Too clever by half

Mark Dubowitz, an opponent of the Iran nuclear deal, outlined the strategy he is advocating on NPR this morning:

This trial balloon amounts to decertifying Iranian compliance but not re-imposing sanctions connected to the Iranian nuclear program while ratcheting up other sanctions and seeking a renegotiation of the deal. What could go wrong?

First, there is simply no basis on which to decertify Iranian compliance. The basis Dubowitz cites is moot, as the US has not actually presented any evidence that an inspection of Iranian military facilities is warranted. The Iranians have said they won’t allow it, but the burden of initiating the process is on Washington, not Tehran. The International Atomic Energy Agency has otherwise confirmed Iranian implementation of the deal.

Second, decertifying will trigger a reaction in other capitals, even if nuclear sanctions are not reimposed. The Europeans, who have to be brought on board if new, non-nuclear sanctions are to create any pressure on Iran, oppose their American ally undermining an agreement they helped negotiate. Tehran will try to convince the Europeans not to join the US in ratcheting up non-nuclear sanctions, which from their point of view are just like nuclear sanctions. The North Koreans will be watching closely and conclude that no agreement with the US on nuclear questions is reliable, so they should go hell-bent for more nuclear weapons.

Third, re-negotiation requires that we not only demand something but also give something. The only serious objection to the Iran nuclear deal I’ve heard so far is that aspects of it expire (sunset is the term of art). Opponents of the nuclear deal are right when they argue that a follow-on agreement is needed.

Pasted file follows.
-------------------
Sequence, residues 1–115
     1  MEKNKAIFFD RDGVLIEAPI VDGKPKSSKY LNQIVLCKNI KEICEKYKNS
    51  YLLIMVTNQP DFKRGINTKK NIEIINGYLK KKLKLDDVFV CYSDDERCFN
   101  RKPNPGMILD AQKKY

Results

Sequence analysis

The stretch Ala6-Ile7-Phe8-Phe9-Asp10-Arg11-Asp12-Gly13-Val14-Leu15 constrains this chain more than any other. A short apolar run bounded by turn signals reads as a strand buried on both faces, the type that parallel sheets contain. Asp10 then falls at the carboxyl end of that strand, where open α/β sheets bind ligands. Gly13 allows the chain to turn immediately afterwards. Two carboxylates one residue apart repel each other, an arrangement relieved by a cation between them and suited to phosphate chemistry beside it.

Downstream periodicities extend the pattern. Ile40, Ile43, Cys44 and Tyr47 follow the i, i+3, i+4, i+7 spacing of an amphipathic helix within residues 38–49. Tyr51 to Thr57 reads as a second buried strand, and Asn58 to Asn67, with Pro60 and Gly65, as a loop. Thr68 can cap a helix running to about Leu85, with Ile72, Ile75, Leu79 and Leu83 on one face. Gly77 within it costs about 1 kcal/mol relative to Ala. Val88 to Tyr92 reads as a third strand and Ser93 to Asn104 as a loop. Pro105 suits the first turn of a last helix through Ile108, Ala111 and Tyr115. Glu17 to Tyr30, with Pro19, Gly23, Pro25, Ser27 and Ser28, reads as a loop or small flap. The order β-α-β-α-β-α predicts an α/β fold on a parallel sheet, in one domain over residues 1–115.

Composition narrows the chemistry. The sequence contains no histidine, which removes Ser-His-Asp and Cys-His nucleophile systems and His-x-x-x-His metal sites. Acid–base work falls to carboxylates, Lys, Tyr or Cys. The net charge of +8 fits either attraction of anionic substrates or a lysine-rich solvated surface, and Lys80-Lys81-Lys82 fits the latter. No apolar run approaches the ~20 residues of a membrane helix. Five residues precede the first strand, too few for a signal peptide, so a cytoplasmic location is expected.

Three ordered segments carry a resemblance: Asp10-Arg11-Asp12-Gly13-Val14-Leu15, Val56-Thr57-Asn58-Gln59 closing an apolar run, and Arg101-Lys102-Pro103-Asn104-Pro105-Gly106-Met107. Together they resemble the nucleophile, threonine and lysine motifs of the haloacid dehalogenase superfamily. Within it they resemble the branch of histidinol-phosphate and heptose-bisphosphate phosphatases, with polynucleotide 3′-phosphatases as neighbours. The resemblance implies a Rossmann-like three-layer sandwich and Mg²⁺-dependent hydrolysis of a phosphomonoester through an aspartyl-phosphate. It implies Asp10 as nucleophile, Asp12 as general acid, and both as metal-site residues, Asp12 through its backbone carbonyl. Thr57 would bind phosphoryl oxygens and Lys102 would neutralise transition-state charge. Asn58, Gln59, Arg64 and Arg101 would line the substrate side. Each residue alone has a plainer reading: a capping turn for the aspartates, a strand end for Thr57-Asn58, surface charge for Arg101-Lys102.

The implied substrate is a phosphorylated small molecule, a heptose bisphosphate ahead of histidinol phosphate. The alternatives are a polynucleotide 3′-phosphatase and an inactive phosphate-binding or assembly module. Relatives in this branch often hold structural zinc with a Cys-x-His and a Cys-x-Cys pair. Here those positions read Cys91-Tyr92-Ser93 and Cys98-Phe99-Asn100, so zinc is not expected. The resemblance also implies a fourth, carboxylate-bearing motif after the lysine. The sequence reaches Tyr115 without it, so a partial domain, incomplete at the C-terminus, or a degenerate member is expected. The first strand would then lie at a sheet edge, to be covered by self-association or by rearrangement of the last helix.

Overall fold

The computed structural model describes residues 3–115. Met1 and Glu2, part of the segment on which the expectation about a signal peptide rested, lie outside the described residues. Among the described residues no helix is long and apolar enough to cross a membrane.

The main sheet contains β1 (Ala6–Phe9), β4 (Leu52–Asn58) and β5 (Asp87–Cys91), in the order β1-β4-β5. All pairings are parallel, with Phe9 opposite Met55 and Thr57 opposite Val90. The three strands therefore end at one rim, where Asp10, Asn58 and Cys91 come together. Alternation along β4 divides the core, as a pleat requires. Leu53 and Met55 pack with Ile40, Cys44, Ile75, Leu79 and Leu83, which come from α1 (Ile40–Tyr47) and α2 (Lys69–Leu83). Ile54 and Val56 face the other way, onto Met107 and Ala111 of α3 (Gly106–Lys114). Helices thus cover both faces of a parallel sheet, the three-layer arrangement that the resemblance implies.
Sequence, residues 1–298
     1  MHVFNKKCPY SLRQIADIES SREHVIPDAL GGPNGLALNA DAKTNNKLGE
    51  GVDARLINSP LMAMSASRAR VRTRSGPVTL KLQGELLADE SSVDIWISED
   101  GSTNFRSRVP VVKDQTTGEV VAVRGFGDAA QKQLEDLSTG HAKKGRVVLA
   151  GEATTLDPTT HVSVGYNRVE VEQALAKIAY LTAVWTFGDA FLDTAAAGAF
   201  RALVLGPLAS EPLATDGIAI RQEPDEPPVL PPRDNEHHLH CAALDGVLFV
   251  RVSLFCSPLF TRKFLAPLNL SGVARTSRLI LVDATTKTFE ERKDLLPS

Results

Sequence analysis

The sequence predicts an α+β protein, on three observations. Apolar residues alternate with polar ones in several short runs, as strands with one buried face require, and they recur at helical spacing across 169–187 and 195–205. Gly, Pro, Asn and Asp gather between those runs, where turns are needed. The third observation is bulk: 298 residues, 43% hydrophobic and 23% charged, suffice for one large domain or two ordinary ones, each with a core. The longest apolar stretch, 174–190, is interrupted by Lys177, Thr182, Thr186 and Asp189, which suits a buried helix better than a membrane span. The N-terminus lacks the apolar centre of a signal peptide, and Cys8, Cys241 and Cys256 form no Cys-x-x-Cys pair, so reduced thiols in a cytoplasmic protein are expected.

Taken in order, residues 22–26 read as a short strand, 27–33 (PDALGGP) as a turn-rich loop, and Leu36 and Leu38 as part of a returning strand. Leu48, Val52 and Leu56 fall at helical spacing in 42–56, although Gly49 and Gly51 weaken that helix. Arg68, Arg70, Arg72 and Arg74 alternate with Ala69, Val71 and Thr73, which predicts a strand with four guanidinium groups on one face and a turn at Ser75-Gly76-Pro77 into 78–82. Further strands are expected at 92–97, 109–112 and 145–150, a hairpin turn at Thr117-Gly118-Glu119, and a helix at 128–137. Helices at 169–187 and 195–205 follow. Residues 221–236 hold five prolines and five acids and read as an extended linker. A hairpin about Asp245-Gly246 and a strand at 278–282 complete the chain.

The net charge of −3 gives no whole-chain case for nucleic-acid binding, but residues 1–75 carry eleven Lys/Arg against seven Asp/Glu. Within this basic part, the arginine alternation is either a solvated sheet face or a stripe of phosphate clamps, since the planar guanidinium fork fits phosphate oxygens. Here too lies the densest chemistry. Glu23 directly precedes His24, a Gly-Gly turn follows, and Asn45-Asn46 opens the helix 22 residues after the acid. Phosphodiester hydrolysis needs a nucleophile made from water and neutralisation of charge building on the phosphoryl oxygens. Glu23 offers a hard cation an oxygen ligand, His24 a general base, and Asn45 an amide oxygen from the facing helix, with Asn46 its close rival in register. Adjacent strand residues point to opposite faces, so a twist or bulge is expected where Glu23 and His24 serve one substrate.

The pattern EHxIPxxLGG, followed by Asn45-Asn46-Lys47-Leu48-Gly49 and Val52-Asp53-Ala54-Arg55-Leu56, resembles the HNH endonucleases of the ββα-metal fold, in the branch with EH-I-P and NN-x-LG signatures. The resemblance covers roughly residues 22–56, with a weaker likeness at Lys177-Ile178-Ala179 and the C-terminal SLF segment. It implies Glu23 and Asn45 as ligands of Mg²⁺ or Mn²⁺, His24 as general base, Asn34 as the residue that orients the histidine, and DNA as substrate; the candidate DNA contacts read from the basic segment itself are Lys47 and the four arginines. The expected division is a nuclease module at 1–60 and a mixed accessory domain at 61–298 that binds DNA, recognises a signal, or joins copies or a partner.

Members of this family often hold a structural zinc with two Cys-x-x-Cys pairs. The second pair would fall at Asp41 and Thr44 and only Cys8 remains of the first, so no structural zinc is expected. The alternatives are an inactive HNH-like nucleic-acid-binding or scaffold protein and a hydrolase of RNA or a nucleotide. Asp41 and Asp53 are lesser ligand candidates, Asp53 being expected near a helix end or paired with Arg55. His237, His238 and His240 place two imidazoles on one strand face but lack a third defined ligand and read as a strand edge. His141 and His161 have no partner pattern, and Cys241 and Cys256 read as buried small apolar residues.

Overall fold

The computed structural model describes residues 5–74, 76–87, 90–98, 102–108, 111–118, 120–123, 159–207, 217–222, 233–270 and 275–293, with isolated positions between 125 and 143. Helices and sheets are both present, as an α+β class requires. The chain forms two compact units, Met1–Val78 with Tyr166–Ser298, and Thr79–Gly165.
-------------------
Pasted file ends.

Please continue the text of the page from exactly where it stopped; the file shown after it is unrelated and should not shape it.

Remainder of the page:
But what Dubowitz is proposing a bad way, destined to fail, of opening that issue. The way to open a negotiation on extension of the deal is to acknowledge Iranian compliance and get the Europeans on board for preliminary discussions of what we want to see extended and what we and they are prepared to do to make that appealing to the Iranians (either with carrots or sticks). Only after that discussion with allies would we then proceed to discussion with the Iranians, likely several years from now.

Trump and his Administration are proven bad negotiators. I can’t think of a single success in this department so far, either domestically or internationally. Their consistent mistake is to consider only their own alternatives to a negotiated agreement. Negotiating well requires that you consider also your adversary’s alternatives. The Iranians will be delighted if US decertification splits off the Europeans, who have benefited significantly from lifting sanctions, from the Americans and effectively prevents an extension of the nuclear deal.

Decertification without reneging on the Iran nuclear deal is too clever by half. The Administration should not do it.

PS: This idea has gotten worse during the day: reports are that Trump will simply declare the agreement not in the national interest, dispensing with the need to show the Iranians have violated it. This is a spectacularly counterfactual idea: without the agreement, Iran could have nuclear weapons by now, so it is clearly in the US interest and will remain so as long as it is in force.

 

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